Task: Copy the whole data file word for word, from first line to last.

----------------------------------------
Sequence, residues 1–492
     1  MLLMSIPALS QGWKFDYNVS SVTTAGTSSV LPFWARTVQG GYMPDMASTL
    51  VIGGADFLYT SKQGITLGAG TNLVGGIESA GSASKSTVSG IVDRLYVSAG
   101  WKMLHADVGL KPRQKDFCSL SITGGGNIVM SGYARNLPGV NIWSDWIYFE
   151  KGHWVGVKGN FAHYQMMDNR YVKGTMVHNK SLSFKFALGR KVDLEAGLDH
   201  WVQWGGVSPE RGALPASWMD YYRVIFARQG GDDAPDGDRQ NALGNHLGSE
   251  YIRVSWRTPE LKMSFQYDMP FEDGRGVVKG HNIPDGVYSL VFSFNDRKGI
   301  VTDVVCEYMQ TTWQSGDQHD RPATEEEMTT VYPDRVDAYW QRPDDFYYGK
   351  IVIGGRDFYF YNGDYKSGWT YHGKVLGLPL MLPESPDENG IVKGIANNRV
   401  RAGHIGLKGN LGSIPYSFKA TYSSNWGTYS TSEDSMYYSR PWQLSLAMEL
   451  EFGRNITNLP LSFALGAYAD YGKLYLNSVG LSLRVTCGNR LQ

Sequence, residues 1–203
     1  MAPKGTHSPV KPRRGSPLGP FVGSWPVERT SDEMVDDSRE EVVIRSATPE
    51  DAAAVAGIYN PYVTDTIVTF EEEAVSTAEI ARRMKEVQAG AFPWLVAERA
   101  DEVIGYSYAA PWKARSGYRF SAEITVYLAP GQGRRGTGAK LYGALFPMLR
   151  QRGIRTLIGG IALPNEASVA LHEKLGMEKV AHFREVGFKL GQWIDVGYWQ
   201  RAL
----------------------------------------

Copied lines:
Sequence, residues 1–492
     1  MLLMSIPALS QGWKFDYNVS SVTTAGTSSV LPFWARTVQG GYMPDMASTL
    51  VIGGADFLYT SKQGITLGAG TNLVGGIESA GSASKSTVSG IVDRLYVSAG
   101  WKMLHADVGL KPRQKDFCSL SITGGGNIVM SGYARNLPGV NIWSDWIYFE
   151  KGHWVGVKGN FAHYQMMDNR YVKGTMVHNK SLSFKFALGR KVDLEAGLDH
   201  WVQWGGVSPE RGALPASWMD YYRVIFARQG GDDAPDGDRQ NALGNHLGSE
   251  YIRVSWRTPE LKMSFQYDMP FEDGRGVVKG HNIPDGVYSL VFSFNDRKGI
   301  VTDVVCEYMQ TTWQSGDQHD RPATEEEMTT VYPDRVDAYW QRPDDFYYGK
   351  IVIGGRDFYF YNGDYKSGWT YHGKVLGLPL MLPESPDENG IVKGIANNRV
   401  RAGHIGLKGN LGSIPYSFKA TYSSNWGTYS TSEDSMYYSR PWQLSLAMEL
   451  EFGRNITNLP LSFALGAYAD YGKLYLNSVG LSLRVTCGNR LQ

Sequence, residues 1–203
     1  MAPKGTHSPV KPRRGSPLGP FVGSWPVERT SDEMVDDSRE EVVIRSATPE
    51  DAAAVAGIYN PYVTDTIVTF EEEAVSTAEI ARRMKEVQAG AFPWLVAERA
   101  DEVIGYSYAA PWKARSGYRF SAEITVYLAP GQGRRGTGAK LYGALFPMLR
   151  QRGIRTLIGG IALPNEASVA LHEKLGMEKV AHFREVGFKL GQWIDVGYWQ
   201  RAL